Effect of Pemetrexed on Innate Immune Killer Cells and Adaptive Immune T Cells in Subjects With Adenocarcinoma of the Pancreas
*Division of Oncology, Hematology and Stem Cell Transplantation ∥Department of Medicine, Division of Bioinformatics, Rush Cancer Center §Department of Pathology, Rush University Medical Center, Chicago, IL †Cancer Therapy and Evaluation Program, NCI, Bethesda, MD ‡Amgen Corporation, Thousand Oaks, CA. Journal of immunotherapy (Hagerstown, Md.: 1997)
(Impact Factor: 4.01).
10/2012; 35(8):629-40. DOI: 10.1097/CJI.0b013e31826c8a4f
Baseline levels of innate and adaptive immune cell functions were studied in patients with pancreatic cancer. The effects of pemetrexed were measured at 7 and 14 days after initial therapy then 14 days after combination therapy with gemcitabine. Pretherapy levels of absolute numbers of natural killer (NK) cells positively correlated with survival. Cytolytic units of NK activity correlated positively with NK cell numbers. Pemetrexed decreased NK cytolytic units to significance when combined with gemcitabine. Pemetrexed increased intracellular accumulation of interferon gamma (IFNγ) in NK cells that correlated negatively with survival. Addition of gemcitabine decreased IFNγ-producing NK cells to baseline. Memory (CD45RO) T cells enumerated at baseline correlated negatively with survival but were decreased by pemetrexed therapy. Memory T cells were increased in subjects with greater B7-H3 expression in tumor tissue, whereas OX40-activated total T cells and helper T-cell subset were decreased. FoxP3, CD8 T cells correlated positively with progression-free interval and survival. In conclusion, innate NK-cell immunity and FoxP3, CD8 T cells seemed beneficial to pancreatic cancer patients. Higher levels of B7-H3 expression in pancreatic tumors were detrimental to effective immunity. Although pemetrexed therapy increased activation of a subset of NK cells to produce IFNγ, addition of gemcitabine abated those responses, decreasing IFNγ-producing NK cells, whereas NK cells producing interleukin-2 without IFNγ at this timepoint positively correlated with survival. Innate immunity and adaptive immunity thus are important in defense against pancreatic cancer. Progression-free interval and survival were longer than observed in a phase III trial where gemcitabine preceded pemetrexed suggesting that a larger trial of pemetrexed preceding gemcitabine is warranted.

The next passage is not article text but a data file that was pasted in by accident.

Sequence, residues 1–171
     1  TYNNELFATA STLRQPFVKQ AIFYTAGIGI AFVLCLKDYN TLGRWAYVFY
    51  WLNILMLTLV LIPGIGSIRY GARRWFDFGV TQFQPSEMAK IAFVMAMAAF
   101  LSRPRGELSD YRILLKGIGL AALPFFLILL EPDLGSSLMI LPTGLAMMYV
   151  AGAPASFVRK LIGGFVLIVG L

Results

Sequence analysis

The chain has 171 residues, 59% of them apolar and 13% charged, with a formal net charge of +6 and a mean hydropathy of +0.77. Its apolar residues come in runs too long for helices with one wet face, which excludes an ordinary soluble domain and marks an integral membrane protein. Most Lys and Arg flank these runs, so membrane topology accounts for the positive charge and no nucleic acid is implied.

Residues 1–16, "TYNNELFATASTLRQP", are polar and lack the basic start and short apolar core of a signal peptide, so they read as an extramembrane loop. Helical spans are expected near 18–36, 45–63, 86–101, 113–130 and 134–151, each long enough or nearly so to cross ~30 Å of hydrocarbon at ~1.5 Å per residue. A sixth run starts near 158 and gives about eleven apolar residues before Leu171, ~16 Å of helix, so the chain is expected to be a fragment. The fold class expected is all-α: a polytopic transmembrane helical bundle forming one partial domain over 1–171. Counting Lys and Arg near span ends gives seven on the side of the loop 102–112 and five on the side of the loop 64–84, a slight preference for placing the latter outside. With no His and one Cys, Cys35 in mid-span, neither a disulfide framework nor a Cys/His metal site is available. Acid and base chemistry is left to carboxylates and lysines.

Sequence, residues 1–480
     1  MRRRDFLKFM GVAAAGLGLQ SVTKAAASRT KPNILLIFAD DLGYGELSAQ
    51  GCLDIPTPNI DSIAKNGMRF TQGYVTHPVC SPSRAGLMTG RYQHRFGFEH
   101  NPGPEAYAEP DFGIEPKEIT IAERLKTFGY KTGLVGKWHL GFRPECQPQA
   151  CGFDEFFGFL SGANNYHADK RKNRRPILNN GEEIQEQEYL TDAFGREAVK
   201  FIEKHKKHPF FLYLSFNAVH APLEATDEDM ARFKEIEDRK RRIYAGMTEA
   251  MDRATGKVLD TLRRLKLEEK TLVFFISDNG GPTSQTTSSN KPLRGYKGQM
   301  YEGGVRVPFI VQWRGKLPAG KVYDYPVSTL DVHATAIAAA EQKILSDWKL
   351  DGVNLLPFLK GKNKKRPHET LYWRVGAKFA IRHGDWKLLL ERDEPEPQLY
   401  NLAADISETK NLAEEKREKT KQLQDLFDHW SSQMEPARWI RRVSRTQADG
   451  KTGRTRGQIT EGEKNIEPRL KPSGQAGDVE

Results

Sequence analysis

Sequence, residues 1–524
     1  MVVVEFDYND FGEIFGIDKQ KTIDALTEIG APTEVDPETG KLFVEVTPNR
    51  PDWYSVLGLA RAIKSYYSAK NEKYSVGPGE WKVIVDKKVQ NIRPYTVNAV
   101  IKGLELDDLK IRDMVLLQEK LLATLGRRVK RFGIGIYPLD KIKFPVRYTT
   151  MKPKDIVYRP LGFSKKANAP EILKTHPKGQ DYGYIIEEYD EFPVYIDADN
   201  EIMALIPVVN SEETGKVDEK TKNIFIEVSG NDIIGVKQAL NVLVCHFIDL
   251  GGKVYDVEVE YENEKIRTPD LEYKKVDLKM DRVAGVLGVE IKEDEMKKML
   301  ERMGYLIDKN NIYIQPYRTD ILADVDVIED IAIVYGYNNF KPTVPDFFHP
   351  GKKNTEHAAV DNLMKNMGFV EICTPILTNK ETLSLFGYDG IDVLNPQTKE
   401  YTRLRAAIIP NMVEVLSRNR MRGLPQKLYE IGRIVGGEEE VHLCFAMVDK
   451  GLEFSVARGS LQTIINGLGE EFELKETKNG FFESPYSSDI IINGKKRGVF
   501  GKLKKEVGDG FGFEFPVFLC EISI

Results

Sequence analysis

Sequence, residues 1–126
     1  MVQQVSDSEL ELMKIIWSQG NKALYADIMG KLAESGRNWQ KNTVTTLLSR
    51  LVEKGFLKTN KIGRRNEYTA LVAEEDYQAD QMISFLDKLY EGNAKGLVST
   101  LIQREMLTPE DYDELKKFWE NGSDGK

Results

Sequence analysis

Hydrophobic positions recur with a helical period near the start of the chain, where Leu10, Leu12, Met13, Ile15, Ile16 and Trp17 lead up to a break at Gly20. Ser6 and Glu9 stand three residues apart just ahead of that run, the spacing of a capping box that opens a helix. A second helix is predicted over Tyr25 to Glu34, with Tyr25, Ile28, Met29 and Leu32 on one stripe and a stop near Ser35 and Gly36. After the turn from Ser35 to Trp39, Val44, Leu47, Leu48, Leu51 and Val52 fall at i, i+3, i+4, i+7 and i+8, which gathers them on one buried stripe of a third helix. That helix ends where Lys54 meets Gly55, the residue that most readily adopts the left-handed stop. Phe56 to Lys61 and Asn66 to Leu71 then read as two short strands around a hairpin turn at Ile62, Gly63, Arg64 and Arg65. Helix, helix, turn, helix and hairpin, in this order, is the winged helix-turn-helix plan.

Available from: Kostandinos Sideras
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ABSTRACT: Traditional chemotherapeutics have largely failed to date to produce significant improvements in pancreatic cancer survival. One of the reasons for the resilience of pancreatic cancer towards intensive treatment is that the cancer is capable of high jacking the immune system: during disease progression the immune system is converted from a system that attacks tumor cells into a support structure for the cancer, exerting trophic actions on the cancer cells. This turn-around of immune system action is achieved through mobilization and activation of regulatory T cells, myeloid derived suppressor cells, tumor-associated macrophages and fibroblasts, all of which suppress CD8 T cells and NK cells. This immune suppression occurs both through the expression of tolerance-inducing cell surface molecules, such as PD-L1, as well as through the production of "tolerogenic" cytokines, such as IL-10 and TGF-β. Based on the accumulating insight into the importance of the immune system for the outcome of pancreatic cancer patients multiple new immunotherapeutic approaches against pancreatic cancer are being currently tested in clinical trials. In this review we give an overview of both the immune escaping mechanisms of pancreatic cancer as well as the new immune related therapeutic strategies currently being tested in pancreatic cancer clinical trials.